This Italian Lemon Ricotta Cake is delicious – the ricotta adds richness and moisture while the lemon brings that fresh flavour. This take on an Italian cheesecake is sure to be a family favourite. It’ll be the cake your guests ask you to bake for whenever they’re planning to visit!
As far as traditional recipes go, the lemon ricotta cake is an Italian classic that really doesn’t get the kind of recognition it deserves. I know, I know, cream cheese is generally more easily available and easier to store and use than ricotta but, in my very humble opinion, this Italian cake just deserves more acclaim.
In Italy, lemon ricotta cakes can be found at panetterias (bakeries), many coffee shops, and even in supermarkets. We need to make that happen here in North America too.
(If you happen to be in France, you can find something quite similar called a gâteau au citron et à la ricotta, which is French for “cake with lemon and ricotta”.)
What is Lemon Ricotta Cake
You can think of lemon ricotta cake as the Italian version for a traditional lemon cake or lemon drizzle cake with some subtle changes. Thanks to the combination of ricotta cheese, lemon juice, and lemon zest, this Italian cheesecake is a bit denser while also hold more natural moisture. It’s less sweet than most lemon cake recipes, making it fairly versatile…it’s a perfect as dessert, but also makes for an excellent teatime snack.
Some other versions of this cake are made using semolina or almond flour.
How to make an Italian Lemon Ricotta Cake
Compared to many cake recipes, this recipe doesn’t require much work at all. Once you’ve prepared an adequate cake tin, or springform pan, it’s a matter of (separately) mixing your wet (starting with creaming your butter and sugar, followed by adding in the lemon zest and juice, the eggs, and finally the ricotta!) and dry ingredients, before ultimately combining to form the batter. Pour it into your prepared pan, and bake. Ideally, listening to some Italian classics on the radio (or your phone).
As far as cake ingredients go, this one doesn’t require too many ingredients:
- All-purpose flour
- Baking powder
- Unsalted butter
- Sugar (for a touch of sweetness)
- Lemons (for the lemony-ness)
- Vanilla extract
- Ricotta cheese (this is what makes the cake rich and moist)
Tips for the best Lemon Ricotta Cheesecake
- Use room temperature ingredients.
- Zest your lemons before juicing them for less finicky zesting experience.
- To avoid a ridiculously dense cake, be careful not to overmix the batter. If you’re using an electric mixer, you may want to switch to a wooden spoon or spatula when it comes times to mix in the dry ingredients.
- Once cooked, you might be wondering how to get the parchment paper off the base of the cake. Carefully invert the cake on to another plate, peel off the parchment paper, and carefully revert.
- This cake has the tendency to sometimes stick to the pan. Make sure to butter the sides of the pan generously, and remove the cake carefully.
Simple cake recipes like this one are a bit more adaptable to small changes. You can do something as simple as adding some warm notes to the cake by including a touch of cinnamon or nutmeg, or go a bit bigger with some of the suggestions below.
Double the recipe, and make the cake twice. Spread your favourite lemon curd inbetween the layers, and sprinkle the top with powdered sugar. It’s glorious.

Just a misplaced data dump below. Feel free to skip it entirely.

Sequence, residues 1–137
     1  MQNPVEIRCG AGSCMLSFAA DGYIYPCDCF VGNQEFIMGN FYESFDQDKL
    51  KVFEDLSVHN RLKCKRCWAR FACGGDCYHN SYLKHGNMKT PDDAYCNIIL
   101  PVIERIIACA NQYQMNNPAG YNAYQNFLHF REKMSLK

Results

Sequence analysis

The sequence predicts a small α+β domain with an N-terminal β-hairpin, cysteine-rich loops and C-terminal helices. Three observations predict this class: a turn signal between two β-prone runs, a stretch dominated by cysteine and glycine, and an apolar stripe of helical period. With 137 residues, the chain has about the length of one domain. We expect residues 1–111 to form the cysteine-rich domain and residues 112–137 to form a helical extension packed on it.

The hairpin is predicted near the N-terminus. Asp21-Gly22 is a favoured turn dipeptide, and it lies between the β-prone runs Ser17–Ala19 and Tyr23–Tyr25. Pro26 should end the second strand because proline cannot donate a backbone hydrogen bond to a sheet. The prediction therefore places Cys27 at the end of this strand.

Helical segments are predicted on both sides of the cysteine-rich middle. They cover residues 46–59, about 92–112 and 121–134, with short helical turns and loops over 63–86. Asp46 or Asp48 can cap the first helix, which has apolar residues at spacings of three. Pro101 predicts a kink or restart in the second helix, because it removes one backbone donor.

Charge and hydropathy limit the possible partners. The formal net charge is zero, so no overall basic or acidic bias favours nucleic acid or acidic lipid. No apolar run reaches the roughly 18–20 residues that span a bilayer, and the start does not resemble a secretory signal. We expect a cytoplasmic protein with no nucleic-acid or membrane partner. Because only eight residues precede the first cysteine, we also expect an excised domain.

Berries and powdered sugar
The easiest variation on this Italian cheesecake is simply topping it with berries and sprinkling some powdered sugar on top. The berries add tartness, while the sugar makes sure that the berry tart and the lemon ricotta tartness don’t overpower you. (And why yes, that’s exactly the version I’ve used in the photos. Because, pretty, pretty berries make Riz happy.)
Strawberries & Cream
A great way to make this cake work for all sorts of occasions is to swap out the mascarpone with whipped cream, and add on some sliced strawberries. I mean, face it. Strawberries and whipped cream is almost always a good idea!
To make a slightly fluffier version of this Italian lemon ricotta cake, you could beat the ricotta with the butter and sugar, before mixing in any other ingredients. This will require a lot of beating, so I would recommend using an electric stand mixer. And do note, by virtue of the cake being fluffier, it won’t have the same dense hit of flavour that I really appreciate it for (but it will still be quite delicious in a different way).
What to do if you don’t have mascarpone
If you don’t have mascarpone, I wouldn’t necessarily run out and buy some to serve alongside a lemon ricotta cake. You can swap out the mascarpone for unsweetened whipped cream.
Skimmed or full-fat ricotta
Partly skimmed ricotta will work, but I encourage you to go with ricotta in all its glory for maximum flavour.
Using cake flour instead of all-purpose flour
This is a dense cake that doesn’t really benefit from using cake flour instead of regular all-purpose. However, if all you have on hand is cake flour, you can use it without any worries.
The flour can be swapped out with gluten free flour on a 1:1 ratio. The cake isn’t exactly the same, but it’s fairly close. It does tend to not rise as much, so please do keep this in mind if you opt for this route.
This cake stays well at room temperature for up to three days. If you refrigerate in an airtight container, that lifespan increases to up to five days before dryness begins to really set in.
I wouldn’t recommend freezing this cake.
More dessert recipes
- Lemon Curd Cake with White Chocolate Buttercream
- Burnt Basque Cheesecake
- Two Layer Chocolate Cake with Whipped Cocoa Buttercream
- Strawberry Shortcake Mug Cake
- Japanese Cotton Cheesecake
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So…what did you think of this Italian Lemon Ricotta Cake? Are you in zesty citrus cakes like this one? Let me know in the comments below.Print